Daily reports from Venezuela are almost close to useless these days, because things are changing by the hour. By the time a reporter takes pen to paper (you hopefully understand the metaphor), and until it gets printed or published online or spoken on TV, it’s old news.
Here’s where we are right now, Tuesday, January 29th, 10PM, so remember that a lot of this may mean nothing after the date and time noted here. For purposes of clarity, let’s look at the current situation using timeframe subheads to best summarize each aspect of the crisis, and best illustrate how each aspect interacts with the other.
United Nations Security Council Met This Past Saturday
Just talk, which means nothing, plus no vote, which would mean nothing as well because of Permanent Members’ veto power. The U.S. and like-minded nations recognize National Assembly President Juan Guaidó as interim President of the country, and that Nicolas Maduro is illegitimate, because he “won” in May of 2018 on rigged elections.
Some SC members urge neutrality, while Russia and China urge support for Maduro. Note that Maduro’s administration owes Russia and China billions of dollars (double digit billions) in cash and oil shipments due to deals not approved by the National Assembly, as required by the country’s Constitution. Russia and China want their money, and Russia also wants a Cold War presence in Latin America, because that Cuba thing hasn’t worked out too well for them.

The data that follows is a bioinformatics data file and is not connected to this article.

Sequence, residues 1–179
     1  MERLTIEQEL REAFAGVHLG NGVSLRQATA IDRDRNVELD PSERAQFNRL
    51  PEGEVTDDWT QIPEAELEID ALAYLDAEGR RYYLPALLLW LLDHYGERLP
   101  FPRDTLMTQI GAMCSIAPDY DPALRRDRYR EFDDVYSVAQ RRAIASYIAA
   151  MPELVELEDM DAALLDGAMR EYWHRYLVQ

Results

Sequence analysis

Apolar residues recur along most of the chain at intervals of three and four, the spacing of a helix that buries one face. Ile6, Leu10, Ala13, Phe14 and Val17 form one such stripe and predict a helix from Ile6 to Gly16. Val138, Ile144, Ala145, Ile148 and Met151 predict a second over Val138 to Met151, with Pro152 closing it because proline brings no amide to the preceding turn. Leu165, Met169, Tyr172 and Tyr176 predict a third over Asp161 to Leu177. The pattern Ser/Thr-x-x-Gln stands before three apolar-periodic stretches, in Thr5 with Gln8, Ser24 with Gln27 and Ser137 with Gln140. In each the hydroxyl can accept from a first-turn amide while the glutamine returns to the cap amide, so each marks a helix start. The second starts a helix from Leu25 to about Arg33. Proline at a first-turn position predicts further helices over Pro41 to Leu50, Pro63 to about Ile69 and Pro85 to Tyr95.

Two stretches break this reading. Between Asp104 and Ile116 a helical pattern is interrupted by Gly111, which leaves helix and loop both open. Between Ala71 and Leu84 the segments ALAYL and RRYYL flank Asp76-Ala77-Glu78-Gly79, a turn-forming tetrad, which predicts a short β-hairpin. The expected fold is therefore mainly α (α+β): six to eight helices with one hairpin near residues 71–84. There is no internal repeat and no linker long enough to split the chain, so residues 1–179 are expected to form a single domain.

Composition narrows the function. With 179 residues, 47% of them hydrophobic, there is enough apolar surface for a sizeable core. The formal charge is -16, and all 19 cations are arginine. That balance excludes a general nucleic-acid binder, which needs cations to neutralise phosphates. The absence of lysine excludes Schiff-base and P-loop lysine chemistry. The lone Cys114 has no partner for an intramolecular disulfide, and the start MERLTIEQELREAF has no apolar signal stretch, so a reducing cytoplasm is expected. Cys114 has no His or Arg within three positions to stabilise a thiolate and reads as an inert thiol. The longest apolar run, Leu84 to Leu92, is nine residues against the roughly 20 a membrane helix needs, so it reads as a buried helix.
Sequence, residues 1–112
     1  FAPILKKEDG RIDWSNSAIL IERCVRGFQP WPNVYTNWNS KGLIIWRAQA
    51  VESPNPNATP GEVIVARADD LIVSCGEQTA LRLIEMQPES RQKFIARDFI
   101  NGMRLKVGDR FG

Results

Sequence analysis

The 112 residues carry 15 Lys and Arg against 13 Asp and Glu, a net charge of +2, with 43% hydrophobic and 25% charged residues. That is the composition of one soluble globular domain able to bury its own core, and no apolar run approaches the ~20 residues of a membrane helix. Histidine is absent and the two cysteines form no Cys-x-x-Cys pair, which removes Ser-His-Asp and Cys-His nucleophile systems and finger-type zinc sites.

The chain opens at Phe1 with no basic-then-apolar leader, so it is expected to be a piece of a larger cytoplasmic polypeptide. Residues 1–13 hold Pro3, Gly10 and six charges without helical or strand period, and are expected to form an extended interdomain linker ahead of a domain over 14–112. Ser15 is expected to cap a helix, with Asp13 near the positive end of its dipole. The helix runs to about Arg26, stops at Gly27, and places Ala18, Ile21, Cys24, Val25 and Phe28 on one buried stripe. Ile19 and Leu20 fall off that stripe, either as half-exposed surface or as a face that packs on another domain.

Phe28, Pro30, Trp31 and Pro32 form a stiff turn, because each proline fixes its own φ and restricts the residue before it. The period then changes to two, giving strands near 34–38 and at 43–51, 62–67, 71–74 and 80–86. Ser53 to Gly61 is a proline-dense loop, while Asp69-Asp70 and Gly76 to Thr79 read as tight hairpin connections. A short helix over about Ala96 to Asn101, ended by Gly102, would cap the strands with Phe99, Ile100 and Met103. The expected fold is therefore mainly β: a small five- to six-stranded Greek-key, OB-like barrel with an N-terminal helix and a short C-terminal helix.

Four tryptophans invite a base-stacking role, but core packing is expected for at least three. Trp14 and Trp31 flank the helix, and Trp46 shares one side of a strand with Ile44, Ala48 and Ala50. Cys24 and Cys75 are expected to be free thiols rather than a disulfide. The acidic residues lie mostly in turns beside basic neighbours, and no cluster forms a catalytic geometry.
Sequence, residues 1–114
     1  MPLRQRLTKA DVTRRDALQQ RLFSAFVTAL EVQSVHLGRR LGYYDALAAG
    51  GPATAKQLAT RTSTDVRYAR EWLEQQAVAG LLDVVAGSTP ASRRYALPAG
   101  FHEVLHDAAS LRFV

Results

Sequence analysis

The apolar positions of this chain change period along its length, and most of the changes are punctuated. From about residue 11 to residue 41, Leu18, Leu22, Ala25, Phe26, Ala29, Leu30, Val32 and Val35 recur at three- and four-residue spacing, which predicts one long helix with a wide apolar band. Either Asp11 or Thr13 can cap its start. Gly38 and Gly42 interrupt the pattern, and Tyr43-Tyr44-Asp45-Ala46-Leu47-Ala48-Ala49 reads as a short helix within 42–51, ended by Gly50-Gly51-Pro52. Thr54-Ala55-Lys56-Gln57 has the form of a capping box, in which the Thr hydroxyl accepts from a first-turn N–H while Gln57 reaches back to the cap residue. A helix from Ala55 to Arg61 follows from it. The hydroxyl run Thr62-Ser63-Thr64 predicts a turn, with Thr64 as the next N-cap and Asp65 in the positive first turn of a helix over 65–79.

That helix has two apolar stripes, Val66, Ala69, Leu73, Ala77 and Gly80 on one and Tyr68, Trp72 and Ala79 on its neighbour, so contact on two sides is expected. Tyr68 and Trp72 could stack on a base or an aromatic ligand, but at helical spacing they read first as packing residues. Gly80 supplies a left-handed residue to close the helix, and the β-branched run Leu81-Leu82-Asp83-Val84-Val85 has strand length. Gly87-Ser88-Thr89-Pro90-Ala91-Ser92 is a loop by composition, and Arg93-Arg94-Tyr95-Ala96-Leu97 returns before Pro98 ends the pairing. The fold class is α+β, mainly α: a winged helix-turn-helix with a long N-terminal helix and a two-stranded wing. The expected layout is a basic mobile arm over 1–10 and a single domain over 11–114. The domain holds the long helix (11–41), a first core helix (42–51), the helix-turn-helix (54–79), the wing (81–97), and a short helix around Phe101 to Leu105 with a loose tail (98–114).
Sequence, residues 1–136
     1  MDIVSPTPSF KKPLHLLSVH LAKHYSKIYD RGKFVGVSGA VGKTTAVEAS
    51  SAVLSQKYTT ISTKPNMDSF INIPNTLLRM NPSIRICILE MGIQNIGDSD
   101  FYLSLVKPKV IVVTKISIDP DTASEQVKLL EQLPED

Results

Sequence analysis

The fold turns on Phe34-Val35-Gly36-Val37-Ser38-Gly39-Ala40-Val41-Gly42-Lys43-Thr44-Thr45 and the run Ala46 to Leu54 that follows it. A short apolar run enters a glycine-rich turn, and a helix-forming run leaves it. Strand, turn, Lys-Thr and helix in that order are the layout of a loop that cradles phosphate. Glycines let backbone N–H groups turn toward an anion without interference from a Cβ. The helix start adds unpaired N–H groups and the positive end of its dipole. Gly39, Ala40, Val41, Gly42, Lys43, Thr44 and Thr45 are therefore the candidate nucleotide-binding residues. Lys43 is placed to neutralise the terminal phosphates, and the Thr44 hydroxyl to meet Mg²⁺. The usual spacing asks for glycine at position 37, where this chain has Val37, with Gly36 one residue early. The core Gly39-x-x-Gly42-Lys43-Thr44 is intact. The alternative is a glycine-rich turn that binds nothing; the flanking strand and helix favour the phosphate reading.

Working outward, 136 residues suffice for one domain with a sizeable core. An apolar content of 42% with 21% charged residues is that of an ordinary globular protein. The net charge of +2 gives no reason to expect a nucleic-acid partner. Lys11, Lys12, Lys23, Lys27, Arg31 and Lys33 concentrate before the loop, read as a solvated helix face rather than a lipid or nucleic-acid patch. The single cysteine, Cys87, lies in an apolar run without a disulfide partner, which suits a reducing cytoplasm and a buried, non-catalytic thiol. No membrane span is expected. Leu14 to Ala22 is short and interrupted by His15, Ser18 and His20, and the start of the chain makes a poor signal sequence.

Russia and China also urge for no economic interference in the country. This is a biggie, because of all that money owed them!
The E.U. doesn’t support Maduro or Guaidó, but gives Maduro eight days to call for free elections or they’ll recognize Guaidó. Not a smart move, diplomatic or otherwise, because of Maduro’s unreliability in holding free and fair elections in the past. Fortunately, it doesn’t matter (maybe). See “Sunday” below.
Saturday Night, Reports of 400 Russian Military Personnel Arriving in Venezuela
Supposedly, to act as personal protective force for Maduro if U.S. acts militarily. Rumored to be a mercenary force.
Sunday, Maduro Rejects The E.U.’s 8-day Ultimatum
Boy, was Maduro mad at their insistence on new elections! He said no way, which means the E.U.’s 28 member nations say get out Maduro, Guaidó’s our man. Except the eight days expires Sunday, which also means between now and then, Maduro might try to take them up on their offer in an under-handed way to stay in power, which contradicts everything else which is set in motion anyway. Most of the rest of the world has left the Maduro Station.